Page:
Innate Immune Memory


For the CRCHUM Conference on September 17, we are welcoming Dr Fadi G. Lakkis, he is the Scientific director of the Starzl transplantation Institute (STI). The mission of the STI has been to improve the clinical, scientific, and social aspects of transplantation. The breadth and depth of STI's efforts to develop innovative forms of transplantation distinguishes this transplant program from any other.
 


FRIDAY, SEPTEMBER 17, 2021 – 12 P.M. TO 1 P.M. 

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Dr. Fadi Lakkis is Distinguished Professor of Surgery and Professor of Immunology and Medicine at the University of Pittsburgh. He received his medical degree from the American University of Beirut, Lebanon, and his fellowship training in Nephrology and Transplantation Immunology at the Beth Israel Hospital, Harvard Medical School. Dr. Lakkis joined the University of Pittsburgh in 2005 as the Frank and Athena Sarris Chair in Transplantation Biology and the Scientific Director of the Thomas E. Starzl Transplantation Institute.

Funded by the NIH, work in Dr. Lakkis’s laboratory is focused on two fundamental areas of transplantation immunology: (1) allorecognition in the innate immune system, using both invertebrate and vertebrate models of transplantation; and (2) the biology of memory T cells in organ transplantation in experimental animals and humans. Dr. Lakkis has received several awards in recognition of his research. He was the recipient of the Young Investigator Award of the American Society of Nephrology (ASN) in 2002 and the American Society of Transplantation Basic Science Established Investigator Award in 2009.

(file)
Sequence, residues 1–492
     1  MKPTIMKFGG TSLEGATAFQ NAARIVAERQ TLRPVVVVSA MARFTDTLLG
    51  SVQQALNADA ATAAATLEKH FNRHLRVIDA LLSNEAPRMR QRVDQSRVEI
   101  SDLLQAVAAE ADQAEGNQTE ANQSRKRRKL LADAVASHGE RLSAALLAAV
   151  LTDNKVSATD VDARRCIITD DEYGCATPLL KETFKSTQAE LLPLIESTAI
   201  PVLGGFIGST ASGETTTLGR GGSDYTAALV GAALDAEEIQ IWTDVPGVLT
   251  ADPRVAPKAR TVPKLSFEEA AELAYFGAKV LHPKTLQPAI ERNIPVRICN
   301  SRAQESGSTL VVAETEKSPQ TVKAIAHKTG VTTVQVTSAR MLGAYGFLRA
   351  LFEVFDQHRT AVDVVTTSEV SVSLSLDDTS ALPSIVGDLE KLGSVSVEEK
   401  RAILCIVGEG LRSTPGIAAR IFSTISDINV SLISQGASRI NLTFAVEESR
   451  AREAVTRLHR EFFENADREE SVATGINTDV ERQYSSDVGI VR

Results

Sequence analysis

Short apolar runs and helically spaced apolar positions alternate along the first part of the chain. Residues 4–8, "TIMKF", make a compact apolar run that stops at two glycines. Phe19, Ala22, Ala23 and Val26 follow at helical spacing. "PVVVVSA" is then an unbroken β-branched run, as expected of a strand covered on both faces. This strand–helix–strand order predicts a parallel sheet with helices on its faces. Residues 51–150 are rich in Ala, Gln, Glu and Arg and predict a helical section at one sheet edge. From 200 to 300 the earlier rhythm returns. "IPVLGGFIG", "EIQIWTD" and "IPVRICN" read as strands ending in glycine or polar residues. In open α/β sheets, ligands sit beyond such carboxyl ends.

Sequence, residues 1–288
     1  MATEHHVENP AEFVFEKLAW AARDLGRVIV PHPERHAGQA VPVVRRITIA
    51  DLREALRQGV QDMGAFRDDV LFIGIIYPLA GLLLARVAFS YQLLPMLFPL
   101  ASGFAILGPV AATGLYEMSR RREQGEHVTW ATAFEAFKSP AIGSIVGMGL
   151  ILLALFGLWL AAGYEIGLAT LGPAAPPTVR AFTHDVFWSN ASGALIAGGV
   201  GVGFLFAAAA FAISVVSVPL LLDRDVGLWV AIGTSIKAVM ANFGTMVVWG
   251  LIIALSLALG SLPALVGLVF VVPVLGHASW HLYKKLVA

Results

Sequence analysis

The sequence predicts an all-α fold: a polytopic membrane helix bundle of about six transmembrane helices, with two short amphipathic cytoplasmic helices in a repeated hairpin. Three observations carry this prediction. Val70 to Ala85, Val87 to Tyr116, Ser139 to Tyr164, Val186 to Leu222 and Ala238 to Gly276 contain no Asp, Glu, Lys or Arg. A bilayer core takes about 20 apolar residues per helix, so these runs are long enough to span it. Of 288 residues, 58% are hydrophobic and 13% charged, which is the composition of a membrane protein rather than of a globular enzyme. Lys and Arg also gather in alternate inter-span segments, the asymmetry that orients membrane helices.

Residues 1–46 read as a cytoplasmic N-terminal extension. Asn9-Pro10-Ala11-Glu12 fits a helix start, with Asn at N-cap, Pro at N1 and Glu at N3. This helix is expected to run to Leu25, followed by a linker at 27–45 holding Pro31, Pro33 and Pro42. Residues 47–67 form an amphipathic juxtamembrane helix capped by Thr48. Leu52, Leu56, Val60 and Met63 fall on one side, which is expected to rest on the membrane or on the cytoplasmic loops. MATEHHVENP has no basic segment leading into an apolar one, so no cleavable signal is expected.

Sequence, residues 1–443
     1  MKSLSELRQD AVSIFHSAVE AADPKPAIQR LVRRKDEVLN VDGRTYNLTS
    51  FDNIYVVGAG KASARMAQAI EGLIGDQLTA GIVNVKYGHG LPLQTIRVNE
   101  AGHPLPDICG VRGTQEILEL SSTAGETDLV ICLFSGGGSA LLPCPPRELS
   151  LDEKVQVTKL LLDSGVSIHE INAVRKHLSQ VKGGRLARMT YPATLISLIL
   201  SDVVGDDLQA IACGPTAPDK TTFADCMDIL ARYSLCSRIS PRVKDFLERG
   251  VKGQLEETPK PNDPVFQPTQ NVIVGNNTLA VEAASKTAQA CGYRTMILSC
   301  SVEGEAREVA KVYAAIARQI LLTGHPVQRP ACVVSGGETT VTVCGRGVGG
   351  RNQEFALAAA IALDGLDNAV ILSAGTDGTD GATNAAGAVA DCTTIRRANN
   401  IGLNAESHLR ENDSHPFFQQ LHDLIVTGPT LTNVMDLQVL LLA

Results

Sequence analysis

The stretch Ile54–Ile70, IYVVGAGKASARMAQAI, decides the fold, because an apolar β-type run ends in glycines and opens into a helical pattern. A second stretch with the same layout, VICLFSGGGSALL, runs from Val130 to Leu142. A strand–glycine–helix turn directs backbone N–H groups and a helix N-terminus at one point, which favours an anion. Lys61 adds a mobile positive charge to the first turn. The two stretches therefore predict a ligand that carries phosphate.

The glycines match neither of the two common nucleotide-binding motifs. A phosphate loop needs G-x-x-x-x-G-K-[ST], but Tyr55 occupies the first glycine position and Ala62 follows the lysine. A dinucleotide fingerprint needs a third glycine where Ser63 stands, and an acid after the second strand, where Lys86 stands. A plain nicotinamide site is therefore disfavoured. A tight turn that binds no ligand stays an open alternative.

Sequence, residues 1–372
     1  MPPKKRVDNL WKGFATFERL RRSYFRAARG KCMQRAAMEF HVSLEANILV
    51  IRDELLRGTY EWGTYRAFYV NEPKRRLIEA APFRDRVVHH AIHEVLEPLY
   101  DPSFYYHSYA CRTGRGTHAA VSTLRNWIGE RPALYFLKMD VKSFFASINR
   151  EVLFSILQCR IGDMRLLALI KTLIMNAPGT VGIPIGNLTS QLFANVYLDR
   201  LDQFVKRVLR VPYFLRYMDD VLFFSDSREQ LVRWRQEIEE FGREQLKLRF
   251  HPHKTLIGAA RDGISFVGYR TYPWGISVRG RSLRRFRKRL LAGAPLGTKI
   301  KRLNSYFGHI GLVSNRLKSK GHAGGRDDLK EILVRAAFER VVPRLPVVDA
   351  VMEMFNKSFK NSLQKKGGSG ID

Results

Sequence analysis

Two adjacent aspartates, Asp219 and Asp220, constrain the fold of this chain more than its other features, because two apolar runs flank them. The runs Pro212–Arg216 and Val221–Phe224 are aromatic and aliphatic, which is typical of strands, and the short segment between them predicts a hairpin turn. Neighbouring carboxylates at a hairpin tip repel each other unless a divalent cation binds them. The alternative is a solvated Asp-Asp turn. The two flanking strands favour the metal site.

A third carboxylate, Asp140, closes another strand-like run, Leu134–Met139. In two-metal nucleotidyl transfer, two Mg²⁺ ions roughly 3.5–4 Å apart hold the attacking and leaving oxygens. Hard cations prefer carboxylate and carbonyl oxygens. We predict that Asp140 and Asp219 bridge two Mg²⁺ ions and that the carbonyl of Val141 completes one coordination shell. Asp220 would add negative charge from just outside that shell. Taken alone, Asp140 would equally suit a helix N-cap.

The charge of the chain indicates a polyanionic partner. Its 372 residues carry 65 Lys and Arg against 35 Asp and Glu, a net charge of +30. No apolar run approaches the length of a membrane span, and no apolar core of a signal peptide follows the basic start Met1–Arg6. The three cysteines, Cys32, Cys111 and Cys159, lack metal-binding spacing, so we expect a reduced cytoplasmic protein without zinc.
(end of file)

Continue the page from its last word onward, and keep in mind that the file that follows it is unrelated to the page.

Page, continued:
Immunological memory is a phenomenon by which immune cells can quickly recognize an antigen that the host has previously encountered. Certain cells of the innate immune system exhibit memory-like responses know as trained immunity. Rapid, antigen-specific secondary (anamnestic) responses were long thought to be the domain of B and T cells. We have shown that monocytes and macrophages can acquire memory specific for particular major histocompatibility complex I antigens using paired A-type immunoglobulin-like receptors (PIR-As). This pathway contributes to recognition of transplanted tissues from a donor of the same species. Genetic depletion or blockade of PIR-As in mice diminished chronic rejection of kidney and heart allografts. This work, which expands immunological memory to include myeloid cells, points to targets that may improve organ transplantation outcomes in the future.

Thomas E. Starzl Transplantation Institute | Fadi G. Lakkis


Invited by Mélanie Dieudé
Immunopathology Research Theme


We look forward to seeing you connected in large numbers!
 


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